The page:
``You're going to see more asymmetric tread designs going into more broad-line applications,'' said Kumho's Mr. Edington. ``Asymmetric is where performance tires are now. In the last 10 years, we've seen asymmetry going to light truck tires because it not only looks cool but also lets the designer do some things with the performance of the tire. It lets you improve handling while maintaining wear capabilities. It gives you, as the designer, a chance to better balance the performance.''
While new or different tread patterns are among the more visible changes being made to improve tire performance, they are certainly not the only ones. New materials are under development or in use for various tire components, as are new manufacturing methods aimed at providing greater integrity among those components.
Auto makers want lighter and quieter tires with lower rolling resistance and improved wet traction. The use of new materials, such as silica, in the tread compound is helping tire makers deliver these performance characteristics.
Cooper's Ms. Brown said one area of particular interest is in the compounds located farthest from the center of the mounted tire. Cooper is working on developing compounds that provide improved performance along with the benefits of reduced weight and/or volume. ``The key parameter tends to be more reinforcement with less material or weight,'' she said.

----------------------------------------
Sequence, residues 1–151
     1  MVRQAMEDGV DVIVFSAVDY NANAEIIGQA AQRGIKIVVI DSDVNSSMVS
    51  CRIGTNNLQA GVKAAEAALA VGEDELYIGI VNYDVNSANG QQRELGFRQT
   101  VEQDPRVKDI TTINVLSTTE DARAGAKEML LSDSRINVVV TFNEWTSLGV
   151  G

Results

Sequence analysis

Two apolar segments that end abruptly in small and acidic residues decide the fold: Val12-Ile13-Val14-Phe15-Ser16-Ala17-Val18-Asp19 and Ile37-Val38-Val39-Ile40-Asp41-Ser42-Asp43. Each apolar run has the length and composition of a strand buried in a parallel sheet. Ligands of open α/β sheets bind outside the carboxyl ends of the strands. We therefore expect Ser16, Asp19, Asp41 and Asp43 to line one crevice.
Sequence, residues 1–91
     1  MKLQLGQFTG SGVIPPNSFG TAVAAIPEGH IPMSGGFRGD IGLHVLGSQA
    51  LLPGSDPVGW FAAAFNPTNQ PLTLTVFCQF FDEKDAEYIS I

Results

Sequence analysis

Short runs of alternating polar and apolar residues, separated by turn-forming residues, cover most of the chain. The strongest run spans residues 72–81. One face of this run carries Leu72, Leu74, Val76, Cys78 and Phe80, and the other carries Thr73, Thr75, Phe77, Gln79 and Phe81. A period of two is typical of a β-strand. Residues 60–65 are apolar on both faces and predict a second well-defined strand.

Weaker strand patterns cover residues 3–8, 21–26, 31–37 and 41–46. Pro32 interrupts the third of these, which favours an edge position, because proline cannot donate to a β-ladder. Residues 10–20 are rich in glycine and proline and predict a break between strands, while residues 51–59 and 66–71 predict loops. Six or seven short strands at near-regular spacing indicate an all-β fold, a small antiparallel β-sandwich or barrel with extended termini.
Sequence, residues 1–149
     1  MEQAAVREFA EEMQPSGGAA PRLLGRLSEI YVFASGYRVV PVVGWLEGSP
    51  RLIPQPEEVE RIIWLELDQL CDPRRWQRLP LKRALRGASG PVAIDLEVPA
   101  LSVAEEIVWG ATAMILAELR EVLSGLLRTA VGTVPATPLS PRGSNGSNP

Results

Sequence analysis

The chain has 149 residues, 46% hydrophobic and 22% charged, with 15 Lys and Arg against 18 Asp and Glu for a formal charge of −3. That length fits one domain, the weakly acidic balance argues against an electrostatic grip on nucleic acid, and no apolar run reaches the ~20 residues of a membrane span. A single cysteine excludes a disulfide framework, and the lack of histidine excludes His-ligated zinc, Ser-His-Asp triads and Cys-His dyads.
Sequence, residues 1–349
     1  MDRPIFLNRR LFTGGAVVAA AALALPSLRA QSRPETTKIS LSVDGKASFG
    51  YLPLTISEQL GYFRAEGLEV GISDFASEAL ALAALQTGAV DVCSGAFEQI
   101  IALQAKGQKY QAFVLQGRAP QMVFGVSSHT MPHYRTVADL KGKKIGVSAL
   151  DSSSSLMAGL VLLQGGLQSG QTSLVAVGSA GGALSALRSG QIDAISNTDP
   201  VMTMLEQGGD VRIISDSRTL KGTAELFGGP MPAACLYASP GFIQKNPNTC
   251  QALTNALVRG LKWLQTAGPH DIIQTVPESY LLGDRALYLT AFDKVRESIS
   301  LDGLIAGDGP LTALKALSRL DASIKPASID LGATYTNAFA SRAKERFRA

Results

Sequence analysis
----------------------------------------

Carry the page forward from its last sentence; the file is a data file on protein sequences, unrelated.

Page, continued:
The use of precipitated silica instead of-or in combination with-carbon black as a reinforcing agent yields significant reductions in rolling resistance, and tire companies are accelerating their research and development in this field.
Michelin's so-called ``green'' tire is an example of a silica-based tread product. The company claims the development reduces rolling resistance by 35 percent compared with conventional tires and saves consumers 5 percent in fuel consumption.
Integrated tire and wheel systems
Tire makers long have dreamed of successfully developing and commercializing integrated tire and wheel systems, run-flat or extended mobility tires (EMT) and smart tires. And while progress has been made, the dreams have yet to be completely fulfilled.
Among the most commercially advanced of such systems is Michelin's Pax non-standard tire and wheel system.
``We continue to work on the Pax system,'' said Alison Heiser, former Michelin America's Small Tires (MAST) vice president of marketing. ``Pax hits two issues at the same time. It's such a different tire design that it allows the original equipment manufacturers to design the vehicle differently. Right now, the way tires and wheels are configured is a constraint to vehicle design. Pax really helps with this. Meanwhile, for consumers it has the continued mobility benefit which is achieved with an insert into the tire.''